FISHERMEN were left stunned after hundreds of fish were washed up dead or dying on to the shores of Montagu beach, yesterday.

Octopus, parrot fish, grey snappers, and barracuda were among the species found dead by fish vendors sometime after 10am.

Seagulls had gathered around the harbour, eating the fish that appeared "disorientated" as they swam along the surface of the water before making their way to the shore.

Michael Brennan, director of marine resources, visited the site and reported a "considerable" amount of dead marine life. He called the situation "a complete mystery" and believes contaminated water may be the cause.

Fisherman and vendor Milton McPhee said when he arrived to work in the morning he noticed "a lot" of fish lying on the shore.

"When I took a closer notice, I saw that the fish were actually dying. They were disorientated and acting as if they were oxygen-deprived," Mr McPhee said.

"You see even more on top of the water swimming in circles and on to the shore as if something is chasing them, that's a sign of disorientation."

"We tried putting them back but they just circle for a minute or two and then die," he said.

Alan Brown, of the Montagu Vendors Association, said: "When I came out, I noticed a flock of birds out to sea just picking the fish off the water."

Noting the number of dead species on the shore, Mr Brown said: "We want to find out what's going on - this isn't normal. We need to know what's causing the fish to die and if it's a danger to human consumption.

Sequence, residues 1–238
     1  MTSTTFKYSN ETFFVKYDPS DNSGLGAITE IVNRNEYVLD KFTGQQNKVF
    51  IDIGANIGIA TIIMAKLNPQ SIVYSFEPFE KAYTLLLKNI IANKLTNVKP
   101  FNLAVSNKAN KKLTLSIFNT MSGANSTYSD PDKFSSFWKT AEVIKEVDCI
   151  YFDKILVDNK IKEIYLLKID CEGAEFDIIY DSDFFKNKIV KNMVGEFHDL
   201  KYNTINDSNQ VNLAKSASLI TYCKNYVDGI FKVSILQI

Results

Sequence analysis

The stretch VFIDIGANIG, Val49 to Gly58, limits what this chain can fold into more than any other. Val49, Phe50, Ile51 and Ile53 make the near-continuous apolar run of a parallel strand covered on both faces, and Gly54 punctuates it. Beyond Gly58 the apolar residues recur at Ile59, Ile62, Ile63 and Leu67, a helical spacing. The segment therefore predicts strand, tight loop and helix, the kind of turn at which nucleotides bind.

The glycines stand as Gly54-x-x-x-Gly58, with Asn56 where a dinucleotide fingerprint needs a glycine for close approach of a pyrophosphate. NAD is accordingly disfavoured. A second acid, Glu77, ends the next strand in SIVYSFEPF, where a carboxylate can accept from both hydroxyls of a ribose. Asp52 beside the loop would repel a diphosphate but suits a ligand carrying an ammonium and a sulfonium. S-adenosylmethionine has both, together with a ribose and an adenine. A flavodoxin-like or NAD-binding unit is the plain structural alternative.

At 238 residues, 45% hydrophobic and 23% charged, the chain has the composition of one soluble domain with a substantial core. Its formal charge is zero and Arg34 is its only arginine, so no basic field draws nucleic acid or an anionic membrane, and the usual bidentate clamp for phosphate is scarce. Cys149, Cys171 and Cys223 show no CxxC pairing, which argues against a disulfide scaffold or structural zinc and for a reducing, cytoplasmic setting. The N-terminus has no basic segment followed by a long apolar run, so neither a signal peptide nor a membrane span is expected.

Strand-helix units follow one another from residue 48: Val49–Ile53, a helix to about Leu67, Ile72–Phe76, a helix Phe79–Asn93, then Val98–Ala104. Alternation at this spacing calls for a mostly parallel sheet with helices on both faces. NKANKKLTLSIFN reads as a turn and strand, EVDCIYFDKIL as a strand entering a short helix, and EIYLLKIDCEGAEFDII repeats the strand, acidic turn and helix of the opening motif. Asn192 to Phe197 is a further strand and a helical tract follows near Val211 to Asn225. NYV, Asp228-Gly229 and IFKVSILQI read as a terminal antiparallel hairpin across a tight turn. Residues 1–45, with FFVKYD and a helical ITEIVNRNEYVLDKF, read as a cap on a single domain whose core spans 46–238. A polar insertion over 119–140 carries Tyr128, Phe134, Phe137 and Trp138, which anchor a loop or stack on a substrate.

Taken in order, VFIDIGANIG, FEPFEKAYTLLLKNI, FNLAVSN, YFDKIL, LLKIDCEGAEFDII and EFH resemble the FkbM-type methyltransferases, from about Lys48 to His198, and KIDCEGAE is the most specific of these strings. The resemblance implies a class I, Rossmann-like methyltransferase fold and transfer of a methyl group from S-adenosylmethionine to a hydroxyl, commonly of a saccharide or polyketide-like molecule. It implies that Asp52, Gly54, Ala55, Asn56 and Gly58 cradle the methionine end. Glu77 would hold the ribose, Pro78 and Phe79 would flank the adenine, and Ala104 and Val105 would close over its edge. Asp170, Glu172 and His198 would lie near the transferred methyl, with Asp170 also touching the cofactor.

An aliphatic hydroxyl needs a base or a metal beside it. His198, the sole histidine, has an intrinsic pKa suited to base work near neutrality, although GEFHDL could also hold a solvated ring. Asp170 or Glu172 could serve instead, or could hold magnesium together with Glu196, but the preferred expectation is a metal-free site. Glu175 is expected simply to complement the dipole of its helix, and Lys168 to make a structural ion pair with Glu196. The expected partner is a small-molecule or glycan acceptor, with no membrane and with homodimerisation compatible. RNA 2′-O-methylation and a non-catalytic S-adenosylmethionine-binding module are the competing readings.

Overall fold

"A lot of fish are dying. You only see what's on the top, but if you dive into the water, the whole bottom of the water is covered with fish. All over the shores, in the water - just covered with fish."

Another fisherman said: "Something scary could be out there. They jumping out the water like they don't want to be in the water."

Mr Brennan has "no idea" as to what might be the cause of the dying marine life, but said the Department of Marine Resources will be gathering information.

"Some of them appeared as fish sometime appear if they are exposed to some kind of contaminant," he said. "The numbers (of dead fish) were considerable - large numbers, it certainly does from appearances look like a contaminant."

Mr Brennan said the Environmental Health Department is responsible for collecting water samples for testing and confirms they were notified of the situation.

The beach is presently undergoing renovations which led some fishermen to speculate something from the construction site could be the contaminate.

"It could be a sewage line or some chemicals in the water there," Mr Brown said. "The drain they dredged (on the construction site) was full with water so maybe when the tide went out, that stuff went out with the tide and contaminated the water. That's what some of the fishermen are thinking. We need to know because it's a serious situation."

Captain Cyril Roker, the acting controller of the Port Department who spoke to the press at the scene, said the department was still in its "preliminary assessment," and would not offer any information on the situation.

"We've called the relevant authorities so they can come do their proper assessment," he said.

Assistant Port Controller, Craig Curtis, said that the dying fish "poses a grave concern" and "it will be interesting" to see what marine biologists conclude.

The Ministry of the Environment and the Department of Environmental Services last night refused to comment.


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